Male Uber drivers earn more than their female counterparts because they drive faster, new analysis has found.
A study by Stanford and Chicago Universities, commissioned by the company, revealed that the average 2.2 per cent faster speeds of the male drivers accounted for around half of the earnings gap.
Men also earn more because they stay with the company longer, which increases the value of their pay, according to the research, reported by the Daily Telegraph.
It follows months of accusations against the company alleging gender discrimination and workplace sexual harassment, which saw the resignation of co-founder Travis Kalanick as chief executive in June.
Revelations of a gender pay gap in the gig economy are thought to be particularly shocking because the format should be able to overcome the lack of flexibility in traditional workplaces which drives much pay disparity.
Data gathered from the National Highway Travel Survey in the US indicates that a gender gap in driving speeds exists across the population, not just among taxi services, however the Uber payment system was designed to reward faster driving, the researchers said.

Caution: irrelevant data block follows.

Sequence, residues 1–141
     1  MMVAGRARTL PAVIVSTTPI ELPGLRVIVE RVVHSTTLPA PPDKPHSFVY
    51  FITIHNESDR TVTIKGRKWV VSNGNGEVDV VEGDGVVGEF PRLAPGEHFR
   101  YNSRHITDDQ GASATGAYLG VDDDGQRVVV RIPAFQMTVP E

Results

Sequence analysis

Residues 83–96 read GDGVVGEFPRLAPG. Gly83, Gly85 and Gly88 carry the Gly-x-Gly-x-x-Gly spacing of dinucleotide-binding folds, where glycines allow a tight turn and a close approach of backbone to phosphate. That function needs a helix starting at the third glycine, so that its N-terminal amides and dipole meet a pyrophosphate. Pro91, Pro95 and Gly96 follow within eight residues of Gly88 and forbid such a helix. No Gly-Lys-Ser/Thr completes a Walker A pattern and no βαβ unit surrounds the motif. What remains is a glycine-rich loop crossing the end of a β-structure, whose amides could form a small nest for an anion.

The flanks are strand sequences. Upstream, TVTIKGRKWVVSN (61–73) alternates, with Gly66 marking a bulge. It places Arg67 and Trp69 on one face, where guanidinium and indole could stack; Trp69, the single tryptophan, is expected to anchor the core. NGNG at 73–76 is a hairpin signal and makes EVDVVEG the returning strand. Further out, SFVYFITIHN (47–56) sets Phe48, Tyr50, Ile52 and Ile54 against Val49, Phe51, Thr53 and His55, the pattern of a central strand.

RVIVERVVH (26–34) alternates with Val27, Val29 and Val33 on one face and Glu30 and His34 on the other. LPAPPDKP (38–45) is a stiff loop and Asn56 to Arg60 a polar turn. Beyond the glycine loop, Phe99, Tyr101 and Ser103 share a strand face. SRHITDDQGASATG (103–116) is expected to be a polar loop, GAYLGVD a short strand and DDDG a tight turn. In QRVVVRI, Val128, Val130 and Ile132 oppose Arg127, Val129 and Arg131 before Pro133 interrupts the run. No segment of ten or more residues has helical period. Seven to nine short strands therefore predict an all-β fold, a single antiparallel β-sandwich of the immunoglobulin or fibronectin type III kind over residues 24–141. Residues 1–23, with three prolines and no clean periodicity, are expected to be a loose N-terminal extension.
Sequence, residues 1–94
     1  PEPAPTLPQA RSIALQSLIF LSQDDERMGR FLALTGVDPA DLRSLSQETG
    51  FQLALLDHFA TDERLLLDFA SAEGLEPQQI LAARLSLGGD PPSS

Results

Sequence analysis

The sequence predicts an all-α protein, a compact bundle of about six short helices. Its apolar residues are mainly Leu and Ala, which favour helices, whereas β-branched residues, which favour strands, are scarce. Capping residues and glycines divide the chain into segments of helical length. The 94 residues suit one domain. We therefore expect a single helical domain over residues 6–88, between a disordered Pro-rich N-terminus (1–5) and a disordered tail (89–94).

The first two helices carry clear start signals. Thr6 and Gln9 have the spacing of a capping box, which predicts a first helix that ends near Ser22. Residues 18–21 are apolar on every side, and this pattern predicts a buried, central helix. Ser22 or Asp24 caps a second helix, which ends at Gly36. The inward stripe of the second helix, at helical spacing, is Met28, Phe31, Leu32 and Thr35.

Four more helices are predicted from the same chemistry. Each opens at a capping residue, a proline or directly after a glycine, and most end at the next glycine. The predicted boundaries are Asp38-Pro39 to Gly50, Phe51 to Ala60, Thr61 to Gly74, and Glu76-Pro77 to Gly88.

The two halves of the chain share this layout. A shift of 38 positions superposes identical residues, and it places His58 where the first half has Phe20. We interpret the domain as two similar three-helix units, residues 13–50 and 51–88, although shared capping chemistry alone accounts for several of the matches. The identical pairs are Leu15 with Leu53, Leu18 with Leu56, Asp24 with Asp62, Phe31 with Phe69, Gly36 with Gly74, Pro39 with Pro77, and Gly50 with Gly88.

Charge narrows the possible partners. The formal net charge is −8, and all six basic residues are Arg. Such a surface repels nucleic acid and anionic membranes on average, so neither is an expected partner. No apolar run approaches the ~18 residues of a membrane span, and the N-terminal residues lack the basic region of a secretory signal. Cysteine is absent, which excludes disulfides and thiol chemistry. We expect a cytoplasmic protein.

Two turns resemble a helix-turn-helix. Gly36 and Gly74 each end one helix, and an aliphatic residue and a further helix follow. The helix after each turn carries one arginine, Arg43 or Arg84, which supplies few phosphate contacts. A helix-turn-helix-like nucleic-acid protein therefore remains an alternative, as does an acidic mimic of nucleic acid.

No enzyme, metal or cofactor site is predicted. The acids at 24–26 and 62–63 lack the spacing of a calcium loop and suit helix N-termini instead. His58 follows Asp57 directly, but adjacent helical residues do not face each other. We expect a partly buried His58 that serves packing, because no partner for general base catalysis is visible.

The Uber formula pays drivers based on the length of the ride, how long it takes and sometimes a "surge" multiplier which can push up rates.
Drivers who have taken more than 2,500 drips earn an average of £2.15 more per hour than those with fewer than 100 trips.
This also influences the company's gender pay gap because 77 per cent of women quit Uber after after six months compared to 65 per cent of male drivers.
The new study, which examined 74- million Uber trips in the US between January 2015 and March 2017, said this accounted for around one third of the earnings gap.
John List, Professor of Economics at Chicago University, said he had expected Uber's algorithm to favour women.
"I knew that they had worked fewer hours per week so they had a chance to cherry-pick the better hours during the week," he said.